I kept my Bridge playset for all these years. It sat in my Toronto storage locker for a decade, and then got shipped to London, where it now resides, along with my action-figures, in my office. And it still has the magic.

And now: the toy has been reissued, along with all the original action figures, including the two-tone aliens and the lizard dudes. The crew have the tiny blue phasers and the same dead eyes and the miniatures plastic Blundstones from the future. And I just saw the set, in person, in a comics shop, and it still has the magic.

Star Trek: Retro Bridge Playset

Star Trek Retro Action Figures


Digital Day Camp 2000 was an all-girl program designed to encourage media literacy to help provide access to art and technology tools to a statistically under-served group. The participants were paired with professionals from Oxygen Media, in addition to volunteers from Pixar Animation Studios, MTV, MTV Networks, and Cyber grrls, to discuss media literacy and the female image in the media today. Teams created an original, digital public service announcement (PSA) about a relevant social topic using digital video cameras and desktop digital editing equipment (imovie).


Digital Day Camp 2001

DDC 2001 explored sound mixing, digital music and sound composition, along with the fundamentals of radio documentary interviewing styles. Students created interactive interfaces for sound files of mixed interviews and music generated during the three week program. Tools were taught in conjunction with a curriculum about censorship and intellectual property rights, two highly relevant topics in the digital music world today. Sound artists and DJs from New York City as well as technicians from sound organizations provided lectures and professional critiques.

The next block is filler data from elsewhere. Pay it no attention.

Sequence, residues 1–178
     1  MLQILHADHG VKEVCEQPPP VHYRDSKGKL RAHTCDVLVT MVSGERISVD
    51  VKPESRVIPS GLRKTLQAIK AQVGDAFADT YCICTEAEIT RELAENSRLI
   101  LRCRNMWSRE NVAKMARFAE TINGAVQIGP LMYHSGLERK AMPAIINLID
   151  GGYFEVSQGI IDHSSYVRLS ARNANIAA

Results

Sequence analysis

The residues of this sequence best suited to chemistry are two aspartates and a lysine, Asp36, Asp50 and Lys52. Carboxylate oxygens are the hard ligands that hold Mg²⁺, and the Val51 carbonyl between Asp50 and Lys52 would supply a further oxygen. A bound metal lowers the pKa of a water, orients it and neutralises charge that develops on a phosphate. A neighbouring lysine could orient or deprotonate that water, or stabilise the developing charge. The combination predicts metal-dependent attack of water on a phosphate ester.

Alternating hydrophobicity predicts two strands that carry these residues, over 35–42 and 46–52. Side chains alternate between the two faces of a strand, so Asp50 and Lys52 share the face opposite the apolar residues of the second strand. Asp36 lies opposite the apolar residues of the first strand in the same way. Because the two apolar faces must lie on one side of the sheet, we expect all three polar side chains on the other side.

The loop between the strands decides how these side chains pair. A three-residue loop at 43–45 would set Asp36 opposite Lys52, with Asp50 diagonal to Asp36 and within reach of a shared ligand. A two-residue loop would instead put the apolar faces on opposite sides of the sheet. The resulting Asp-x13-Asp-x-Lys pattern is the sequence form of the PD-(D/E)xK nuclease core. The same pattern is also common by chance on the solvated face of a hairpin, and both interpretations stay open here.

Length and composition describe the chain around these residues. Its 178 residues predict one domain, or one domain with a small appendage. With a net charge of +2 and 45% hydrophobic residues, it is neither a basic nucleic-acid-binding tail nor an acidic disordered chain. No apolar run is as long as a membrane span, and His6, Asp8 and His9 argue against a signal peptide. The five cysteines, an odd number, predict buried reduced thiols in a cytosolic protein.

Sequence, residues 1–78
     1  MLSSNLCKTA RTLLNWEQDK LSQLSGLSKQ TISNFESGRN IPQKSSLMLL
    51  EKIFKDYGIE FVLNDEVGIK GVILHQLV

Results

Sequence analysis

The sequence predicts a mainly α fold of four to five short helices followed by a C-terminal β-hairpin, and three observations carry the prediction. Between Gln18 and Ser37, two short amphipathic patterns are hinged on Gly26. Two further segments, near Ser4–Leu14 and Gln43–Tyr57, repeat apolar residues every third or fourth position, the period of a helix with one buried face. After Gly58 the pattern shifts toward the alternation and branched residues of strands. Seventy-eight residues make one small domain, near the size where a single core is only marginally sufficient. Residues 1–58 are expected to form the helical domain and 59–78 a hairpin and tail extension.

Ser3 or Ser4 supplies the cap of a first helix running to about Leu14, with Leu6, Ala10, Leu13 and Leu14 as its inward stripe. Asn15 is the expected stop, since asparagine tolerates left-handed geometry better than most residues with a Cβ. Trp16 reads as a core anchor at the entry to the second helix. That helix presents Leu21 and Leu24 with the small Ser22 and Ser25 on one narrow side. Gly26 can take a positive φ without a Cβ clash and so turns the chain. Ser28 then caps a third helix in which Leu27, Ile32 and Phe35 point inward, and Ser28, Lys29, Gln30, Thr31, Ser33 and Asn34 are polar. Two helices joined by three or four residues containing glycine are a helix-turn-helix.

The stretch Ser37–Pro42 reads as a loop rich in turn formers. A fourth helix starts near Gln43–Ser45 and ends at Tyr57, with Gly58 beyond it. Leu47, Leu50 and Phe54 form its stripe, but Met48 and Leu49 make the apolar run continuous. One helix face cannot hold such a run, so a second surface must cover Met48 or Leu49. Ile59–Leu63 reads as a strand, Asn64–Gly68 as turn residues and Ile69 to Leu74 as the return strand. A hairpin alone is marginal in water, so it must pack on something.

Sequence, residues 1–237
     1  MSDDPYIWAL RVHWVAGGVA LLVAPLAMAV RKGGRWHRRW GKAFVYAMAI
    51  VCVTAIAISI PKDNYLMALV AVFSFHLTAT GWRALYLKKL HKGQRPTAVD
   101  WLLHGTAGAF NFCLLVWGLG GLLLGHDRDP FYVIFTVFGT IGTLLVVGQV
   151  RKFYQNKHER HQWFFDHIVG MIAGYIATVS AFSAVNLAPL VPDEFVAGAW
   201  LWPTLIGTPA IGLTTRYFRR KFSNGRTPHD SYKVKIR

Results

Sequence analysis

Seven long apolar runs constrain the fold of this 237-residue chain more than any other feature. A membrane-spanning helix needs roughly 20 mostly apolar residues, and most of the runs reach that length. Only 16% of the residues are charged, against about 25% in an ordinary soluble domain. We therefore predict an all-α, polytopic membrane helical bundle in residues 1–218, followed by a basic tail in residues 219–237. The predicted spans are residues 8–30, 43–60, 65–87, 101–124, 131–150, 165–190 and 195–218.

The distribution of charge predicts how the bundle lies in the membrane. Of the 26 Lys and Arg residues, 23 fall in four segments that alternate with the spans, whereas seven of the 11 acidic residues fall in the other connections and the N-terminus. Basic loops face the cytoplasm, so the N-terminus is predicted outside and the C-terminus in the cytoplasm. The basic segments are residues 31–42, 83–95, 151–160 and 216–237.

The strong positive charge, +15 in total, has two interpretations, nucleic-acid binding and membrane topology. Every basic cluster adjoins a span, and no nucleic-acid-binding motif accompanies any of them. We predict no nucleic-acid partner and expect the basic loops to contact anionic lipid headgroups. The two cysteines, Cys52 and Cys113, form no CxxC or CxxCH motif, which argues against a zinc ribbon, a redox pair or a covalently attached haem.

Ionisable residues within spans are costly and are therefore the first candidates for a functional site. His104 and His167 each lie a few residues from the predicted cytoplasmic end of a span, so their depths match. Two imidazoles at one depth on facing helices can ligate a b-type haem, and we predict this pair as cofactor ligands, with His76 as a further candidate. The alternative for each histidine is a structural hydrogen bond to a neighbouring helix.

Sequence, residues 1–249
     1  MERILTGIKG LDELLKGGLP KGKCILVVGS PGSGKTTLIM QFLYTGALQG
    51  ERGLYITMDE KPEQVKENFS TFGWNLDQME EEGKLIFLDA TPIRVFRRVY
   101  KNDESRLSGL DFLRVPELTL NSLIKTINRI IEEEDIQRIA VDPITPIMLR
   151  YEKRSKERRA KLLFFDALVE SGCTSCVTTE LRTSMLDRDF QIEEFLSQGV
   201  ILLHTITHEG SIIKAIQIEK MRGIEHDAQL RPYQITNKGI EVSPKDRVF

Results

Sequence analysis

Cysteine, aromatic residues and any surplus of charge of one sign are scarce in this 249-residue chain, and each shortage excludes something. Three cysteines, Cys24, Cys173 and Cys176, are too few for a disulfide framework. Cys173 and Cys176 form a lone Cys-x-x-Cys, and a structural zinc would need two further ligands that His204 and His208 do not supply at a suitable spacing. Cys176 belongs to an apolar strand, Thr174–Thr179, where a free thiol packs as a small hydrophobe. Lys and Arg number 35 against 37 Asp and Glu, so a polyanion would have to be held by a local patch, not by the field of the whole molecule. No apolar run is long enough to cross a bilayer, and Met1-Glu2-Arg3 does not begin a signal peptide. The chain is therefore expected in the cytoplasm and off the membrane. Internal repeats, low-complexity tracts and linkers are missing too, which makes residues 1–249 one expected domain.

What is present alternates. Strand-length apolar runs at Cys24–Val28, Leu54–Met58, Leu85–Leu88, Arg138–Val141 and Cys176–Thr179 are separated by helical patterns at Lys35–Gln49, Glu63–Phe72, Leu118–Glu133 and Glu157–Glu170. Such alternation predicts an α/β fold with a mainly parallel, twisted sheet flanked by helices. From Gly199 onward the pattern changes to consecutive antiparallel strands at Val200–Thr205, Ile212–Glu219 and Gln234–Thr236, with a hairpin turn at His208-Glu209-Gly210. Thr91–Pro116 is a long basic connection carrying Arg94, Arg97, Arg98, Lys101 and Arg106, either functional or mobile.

Digital Day Camp 2002 (DDC02) investigated architecture, public art, and memorials in contemporary society, via the theme "Building for the Void." The program addressed both the area destroyed by the September 11th attacks and its impact on the city's collective consciousness. Participants learned 3ds max, a 3D developing software donated to Eyebeam by Discreet Logic, along with the fundamentals of architectural design for unusual and highly sensitive areas. The tools were taught by local architects and new media artists and technologists, in conjunction with a curriculum focusing on the ethics of designing and building for sensitive topics and public spaces. Students' final projects took the form of a memorial for September 11th, to be placed in outer space, (applying parameters set by NASA). Students were able to use Eyebeam's 3-D printer throughout the program, creating actual 3-D models of their memorials for the final exhibition.



DDC 2003 worked to empower participating high school students with the knowledge and means to affect change responsibly and creatively. During the course, from July 7-24, participants were divided into teams of four and partnered with local activist artists and artist collectives. They used a variety of software and hardware applications in order to heighten public awareness about specific issues relevant to their lives and developed these concepts in three-tier communication campaigns. These small-group sessions helped the students develop highly innovative forms of expression such as blogging (personal web logs), contagious media (use of emails or web sites designed to be evocative, forwarded from friend to friend, spreading virally) and guerilla broadcasting (use of phones with audio/video capabilities and community access television networks).

Check out this video about DDC09.